ETF Closures and Splits

With recent volatility, many readers have wondered about two issues they’ve read about regarding leveraged funds: can they “blow up” entirely, and what would a reverse split do to account values? I’ll cover them in order.

Let’s define “blow up” as liquidate and stop trading. Many investors assume that because leveraged ETFs (LETFs) move at a multiple of market volatility, i.e. up and down 2x or 3x the daily moves of the index they track, an extreme down move could take them to zero and cause their closure.

In practice, price movement is not the most common cause of ETF closure.

The top reason fund companies close funds is a lack of investor interest leading to a tiny amount of assets under management, unprofitable to the issuer. When a fund becomes unprofitable in this manner, or fails to ever achieve profitability from its start date, the issuer may call it a day with that fund and start a different one with a more appealing angle.

When this happens, the shutdown procedure is an orderly one monitored by regulators. Shareholders receive notice in advance of the scheduled liquidation. Most investors sell their shares prior to the actual liquidation. Those who hold to the liquidation date receive the full value of their shares based on the fund’s final net asset value.

Notice that the key metric for the issuer when evaluating a fund is not its price performance but its profitability. A popular LETF, such as Nasdaq 100 3x (TQQQ), remains profitable to its issuer (ProShares) even during down cycles. This year, for instance, the price of TQQQ has declined 67.7% through yesterday’s close, as the Nasdaq 100 declined 27.9%, yet it still has $13B in assets and remains popular with a high trading volume. Yesterday, it traded 182 million shares. By comparison, the world’s largest ETF by assets, SPDR S&P 500 (SPY) with $371B, traded only 91 million shares.

If the price of an LETF declines excessively, its issuer could run a reverse split to boost the price to a higher level more comfortable for trading. Investors might shy away from a fund priced too low, such as less than $5. If TQQQ reached $5, ProShares could run a 1-for-10 split, for instance, to take the share price up to $50.

Investors have come to consider splits good news and reverse splits bad news because the former happen after a price has gone up excessively while the latter after it has gone down, but neither type of split affects account value. Market impact on the position remains the same both before and after a split of either type. A 10% move higher, for example, would still grow the position size by 10% regardless of share price.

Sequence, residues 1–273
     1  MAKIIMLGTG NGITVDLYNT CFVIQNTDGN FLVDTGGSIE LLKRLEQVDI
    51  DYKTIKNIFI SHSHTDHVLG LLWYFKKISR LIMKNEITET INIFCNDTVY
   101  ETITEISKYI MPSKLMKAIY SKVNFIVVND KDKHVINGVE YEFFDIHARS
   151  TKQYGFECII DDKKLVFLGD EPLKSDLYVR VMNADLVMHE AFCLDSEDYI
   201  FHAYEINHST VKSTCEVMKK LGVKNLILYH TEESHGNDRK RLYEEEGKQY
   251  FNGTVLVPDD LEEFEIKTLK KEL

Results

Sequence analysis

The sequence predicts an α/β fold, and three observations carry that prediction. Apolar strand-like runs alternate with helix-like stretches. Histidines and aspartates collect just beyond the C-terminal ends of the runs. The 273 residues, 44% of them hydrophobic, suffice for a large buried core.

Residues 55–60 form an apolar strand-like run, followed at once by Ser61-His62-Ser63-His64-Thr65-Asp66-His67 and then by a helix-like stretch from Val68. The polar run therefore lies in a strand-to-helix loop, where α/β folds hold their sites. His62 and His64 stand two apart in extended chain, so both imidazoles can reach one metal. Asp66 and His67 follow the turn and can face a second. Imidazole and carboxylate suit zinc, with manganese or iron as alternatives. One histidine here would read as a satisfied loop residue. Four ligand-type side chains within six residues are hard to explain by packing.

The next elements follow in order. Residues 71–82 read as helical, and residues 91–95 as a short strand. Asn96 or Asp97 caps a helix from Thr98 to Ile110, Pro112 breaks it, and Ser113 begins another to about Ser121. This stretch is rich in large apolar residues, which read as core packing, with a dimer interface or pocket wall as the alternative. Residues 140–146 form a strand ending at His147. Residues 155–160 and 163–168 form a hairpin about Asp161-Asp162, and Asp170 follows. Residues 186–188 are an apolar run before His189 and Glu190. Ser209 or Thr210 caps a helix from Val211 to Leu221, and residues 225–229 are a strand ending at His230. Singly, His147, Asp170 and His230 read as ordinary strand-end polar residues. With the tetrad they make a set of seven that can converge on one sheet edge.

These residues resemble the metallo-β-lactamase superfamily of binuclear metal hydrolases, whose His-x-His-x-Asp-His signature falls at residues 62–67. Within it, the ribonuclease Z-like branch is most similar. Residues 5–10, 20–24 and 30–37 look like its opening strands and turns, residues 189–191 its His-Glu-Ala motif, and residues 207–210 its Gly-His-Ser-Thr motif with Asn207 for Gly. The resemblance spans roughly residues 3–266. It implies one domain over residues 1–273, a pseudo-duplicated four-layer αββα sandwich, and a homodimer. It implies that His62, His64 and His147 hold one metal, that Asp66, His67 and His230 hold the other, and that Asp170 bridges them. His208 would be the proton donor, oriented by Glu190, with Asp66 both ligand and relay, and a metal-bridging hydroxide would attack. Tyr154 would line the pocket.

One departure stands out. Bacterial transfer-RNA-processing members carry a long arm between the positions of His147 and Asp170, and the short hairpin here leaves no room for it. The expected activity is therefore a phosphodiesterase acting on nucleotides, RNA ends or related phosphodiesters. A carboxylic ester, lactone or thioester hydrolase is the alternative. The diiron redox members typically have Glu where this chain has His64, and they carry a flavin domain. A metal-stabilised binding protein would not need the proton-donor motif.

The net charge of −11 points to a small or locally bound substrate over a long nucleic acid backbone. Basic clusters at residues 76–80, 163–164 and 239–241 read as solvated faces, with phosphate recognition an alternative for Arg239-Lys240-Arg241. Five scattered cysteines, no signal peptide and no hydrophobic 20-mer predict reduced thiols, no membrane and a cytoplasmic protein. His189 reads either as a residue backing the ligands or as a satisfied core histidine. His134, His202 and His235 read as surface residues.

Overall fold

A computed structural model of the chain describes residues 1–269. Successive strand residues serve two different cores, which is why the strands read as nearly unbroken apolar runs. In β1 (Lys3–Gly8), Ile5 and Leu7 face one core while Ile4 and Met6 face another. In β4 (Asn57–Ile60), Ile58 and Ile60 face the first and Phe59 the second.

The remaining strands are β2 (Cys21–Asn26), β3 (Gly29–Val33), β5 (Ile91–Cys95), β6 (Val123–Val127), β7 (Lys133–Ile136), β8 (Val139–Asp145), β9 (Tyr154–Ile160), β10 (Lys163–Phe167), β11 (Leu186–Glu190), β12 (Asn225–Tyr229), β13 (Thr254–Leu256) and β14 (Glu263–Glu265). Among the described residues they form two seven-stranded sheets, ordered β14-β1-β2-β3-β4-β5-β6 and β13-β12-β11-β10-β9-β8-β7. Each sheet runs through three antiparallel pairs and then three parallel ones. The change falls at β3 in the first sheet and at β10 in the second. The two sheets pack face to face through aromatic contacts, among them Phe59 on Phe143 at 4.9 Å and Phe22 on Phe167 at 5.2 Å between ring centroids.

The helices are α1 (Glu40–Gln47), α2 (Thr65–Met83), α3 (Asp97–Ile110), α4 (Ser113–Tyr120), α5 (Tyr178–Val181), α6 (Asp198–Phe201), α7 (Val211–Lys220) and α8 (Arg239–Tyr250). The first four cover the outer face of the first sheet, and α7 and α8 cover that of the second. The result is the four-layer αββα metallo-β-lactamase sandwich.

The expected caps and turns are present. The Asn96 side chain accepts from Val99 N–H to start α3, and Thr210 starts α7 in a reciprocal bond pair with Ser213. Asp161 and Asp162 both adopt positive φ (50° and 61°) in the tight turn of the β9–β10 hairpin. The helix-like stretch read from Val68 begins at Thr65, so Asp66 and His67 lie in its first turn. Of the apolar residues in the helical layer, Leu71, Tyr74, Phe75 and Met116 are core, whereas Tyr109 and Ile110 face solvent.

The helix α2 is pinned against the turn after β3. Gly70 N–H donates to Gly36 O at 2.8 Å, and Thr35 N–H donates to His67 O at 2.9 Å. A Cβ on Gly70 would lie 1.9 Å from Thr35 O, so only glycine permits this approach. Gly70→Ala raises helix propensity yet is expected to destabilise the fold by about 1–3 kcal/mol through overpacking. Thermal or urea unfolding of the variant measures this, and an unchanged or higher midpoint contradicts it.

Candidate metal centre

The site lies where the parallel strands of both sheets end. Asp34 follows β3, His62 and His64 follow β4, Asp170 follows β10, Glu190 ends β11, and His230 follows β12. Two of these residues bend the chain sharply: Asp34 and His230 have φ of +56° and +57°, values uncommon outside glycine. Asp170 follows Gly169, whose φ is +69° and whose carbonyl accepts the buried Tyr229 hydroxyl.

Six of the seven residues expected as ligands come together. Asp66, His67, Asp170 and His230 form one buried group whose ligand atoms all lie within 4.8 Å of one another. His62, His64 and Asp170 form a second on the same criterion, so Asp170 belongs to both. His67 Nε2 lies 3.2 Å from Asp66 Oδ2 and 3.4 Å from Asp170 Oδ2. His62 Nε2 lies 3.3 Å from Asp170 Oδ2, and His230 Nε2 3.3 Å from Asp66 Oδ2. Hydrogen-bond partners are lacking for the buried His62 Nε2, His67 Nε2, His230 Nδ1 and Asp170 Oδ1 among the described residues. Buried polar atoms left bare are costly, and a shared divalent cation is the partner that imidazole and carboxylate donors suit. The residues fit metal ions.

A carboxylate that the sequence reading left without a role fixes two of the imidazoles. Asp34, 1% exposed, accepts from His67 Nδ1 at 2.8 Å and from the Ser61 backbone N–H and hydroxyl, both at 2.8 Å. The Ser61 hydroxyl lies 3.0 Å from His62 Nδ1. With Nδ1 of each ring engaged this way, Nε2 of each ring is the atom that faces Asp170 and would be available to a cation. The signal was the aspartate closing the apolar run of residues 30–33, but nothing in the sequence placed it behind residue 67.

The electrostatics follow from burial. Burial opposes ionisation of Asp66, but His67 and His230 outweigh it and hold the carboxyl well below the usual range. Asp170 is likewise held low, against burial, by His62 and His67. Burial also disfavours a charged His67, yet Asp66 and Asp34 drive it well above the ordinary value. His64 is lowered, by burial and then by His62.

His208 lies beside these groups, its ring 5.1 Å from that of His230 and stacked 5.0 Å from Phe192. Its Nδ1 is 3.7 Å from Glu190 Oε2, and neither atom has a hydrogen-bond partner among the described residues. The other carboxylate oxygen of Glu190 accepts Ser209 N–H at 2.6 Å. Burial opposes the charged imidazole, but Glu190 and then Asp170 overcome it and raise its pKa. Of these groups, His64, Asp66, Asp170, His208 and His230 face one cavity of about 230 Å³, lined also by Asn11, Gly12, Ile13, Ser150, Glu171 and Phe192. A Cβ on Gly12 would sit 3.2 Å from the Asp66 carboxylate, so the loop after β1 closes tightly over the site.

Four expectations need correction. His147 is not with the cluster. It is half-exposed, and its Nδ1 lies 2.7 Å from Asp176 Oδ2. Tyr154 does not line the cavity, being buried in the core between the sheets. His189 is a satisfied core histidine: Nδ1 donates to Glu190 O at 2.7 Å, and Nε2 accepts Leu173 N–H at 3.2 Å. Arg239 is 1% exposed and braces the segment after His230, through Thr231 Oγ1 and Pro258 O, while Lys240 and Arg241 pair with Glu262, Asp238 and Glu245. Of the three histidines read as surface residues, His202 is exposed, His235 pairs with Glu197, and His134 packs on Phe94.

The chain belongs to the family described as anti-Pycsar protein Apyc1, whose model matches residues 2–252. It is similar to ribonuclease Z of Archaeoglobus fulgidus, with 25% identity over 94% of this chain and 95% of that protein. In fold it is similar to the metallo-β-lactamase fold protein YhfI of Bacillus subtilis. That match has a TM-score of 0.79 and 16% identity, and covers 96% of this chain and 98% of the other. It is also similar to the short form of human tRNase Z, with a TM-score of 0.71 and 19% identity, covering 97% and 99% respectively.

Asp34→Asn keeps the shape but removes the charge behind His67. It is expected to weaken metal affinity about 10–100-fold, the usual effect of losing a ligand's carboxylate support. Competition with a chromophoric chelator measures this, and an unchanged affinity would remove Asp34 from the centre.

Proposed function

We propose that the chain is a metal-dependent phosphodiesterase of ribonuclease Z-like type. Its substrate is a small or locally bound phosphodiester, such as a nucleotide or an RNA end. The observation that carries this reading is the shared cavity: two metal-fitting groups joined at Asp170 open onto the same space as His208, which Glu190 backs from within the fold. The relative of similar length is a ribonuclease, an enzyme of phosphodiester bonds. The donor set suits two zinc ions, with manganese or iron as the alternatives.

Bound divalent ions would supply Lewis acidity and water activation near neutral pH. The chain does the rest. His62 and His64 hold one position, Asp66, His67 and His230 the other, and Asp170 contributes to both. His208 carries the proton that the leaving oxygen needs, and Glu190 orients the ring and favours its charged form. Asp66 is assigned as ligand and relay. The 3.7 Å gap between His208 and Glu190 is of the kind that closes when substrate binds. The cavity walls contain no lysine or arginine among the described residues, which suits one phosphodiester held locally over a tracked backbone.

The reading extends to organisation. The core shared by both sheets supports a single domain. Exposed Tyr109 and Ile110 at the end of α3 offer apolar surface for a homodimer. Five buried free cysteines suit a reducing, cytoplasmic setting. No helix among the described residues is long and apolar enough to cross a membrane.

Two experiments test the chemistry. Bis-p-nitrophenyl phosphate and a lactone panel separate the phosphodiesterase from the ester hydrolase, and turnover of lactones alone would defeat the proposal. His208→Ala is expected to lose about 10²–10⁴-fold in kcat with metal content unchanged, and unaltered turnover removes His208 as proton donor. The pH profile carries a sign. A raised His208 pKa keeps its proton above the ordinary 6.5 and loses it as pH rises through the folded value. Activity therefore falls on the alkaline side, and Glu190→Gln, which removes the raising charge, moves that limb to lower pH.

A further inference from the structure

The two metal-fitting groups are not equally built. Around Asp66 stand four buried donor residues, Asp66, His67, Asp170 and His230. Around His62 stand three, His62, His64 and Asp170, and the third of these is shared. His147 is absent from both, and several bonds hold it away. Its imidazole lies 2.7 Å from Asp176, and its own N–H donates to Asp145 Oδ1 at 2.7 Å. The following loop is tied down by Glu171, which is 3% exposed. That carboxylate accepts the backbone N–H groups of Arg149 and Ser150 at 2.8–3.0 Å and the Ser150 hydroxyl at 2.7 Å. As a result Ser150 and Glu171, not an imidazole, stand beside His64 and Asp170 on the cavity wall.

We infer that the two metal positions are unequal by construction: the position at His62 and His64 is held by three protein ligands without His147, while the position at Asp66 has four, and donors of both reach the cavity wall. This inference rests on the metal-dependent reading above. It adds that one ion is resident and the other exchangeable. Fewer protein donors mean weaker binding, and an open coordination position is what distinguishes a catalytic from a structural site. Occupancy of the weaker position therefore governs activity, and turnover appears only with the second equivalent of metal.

For example, if an investor owned 5,000 shares of TQQQ at $5, their position value would be $25,000. If the fund split 1-for-10, they would own 500 shares at $50 for the same position size of $25,000. They would end up with 1 share for every 10 they previously owned, but each share would be worth 10 times more. No money is gained or lost in splits.

TQQQ’s most recent split was a 2-for-1 on January 13 this year. The previous night, its price went from $154.26 to $77.13 and it opened January 13 at the new price. Since then, despite some investors having characterized the split as a sign of higher gains to come, the fund’s price has declined 65.1% to $26.90. Just as that split was not a harbinger of good news, nor would a reverse split be a harbinger of bad news. It’s possible that after the share price increased in a reverse split, it would keep going higher on subsequent market movement.

We saw precisely this scenario with some ProShares inverse funds in January.

For example, ProShares reverse split its Nasdaq 100 -3x (SQQQ) fund by 1-for-5 on January 13, taking its price from $6.28 to $31.42. A bad omen for the fund? Not in this case. It closed yesterday at $59.34 for an 88.9% gain since the reverse split.

Concluding the two issues, then:

<> As long as an LETF remains popular with investors, it is unlikely to close down.

<> Splits and reverse splits do not affect the value of a shareholder’s investment. They are merely accounting maneuvers to maintain appealing trade prices through market fluctuation.

I hope this helps you proceed confidently through this volatile period.

Yours very truly,

This entry was posted in Leverage, Portfolio Management, TQQQ. Bookmark the permalink. Both comments and trackbacks are currently closed.


  1. Henry Mourad
    Posted May 26, 2022 at 3:09 am | Permalink

    Hello Jason.

    Thank you for the clarification.

    My question would be on how this reverse split would affect QYLD?

    Some ETFs also issue rights to investors to buy additional shares at a specific price. Is this a good sign or bad?

    I would appreciate your opinion on this.

    • Posted May 26, 2022 at 6:10 am | Permalink

      Hello, Henry.

      A TQQQ split or reverse split would have no direct affect on QYLD. Indirectly, they might be more likely to split at about the same time because they both track the same Nasdaq 100 index, but they do so in very different ways and so far there’s been no parallel split tendency. TQQQ has split 7 times in the past 11 years; QYLD has never split.

      As for ETFs issuing rights to buy additional shares at a specified price, I haven’t heard of that. Which ETF has done so? Regardless, I don’t see that this would be either a good or bad sign, being that it would have no effect on the future price direction of the security.


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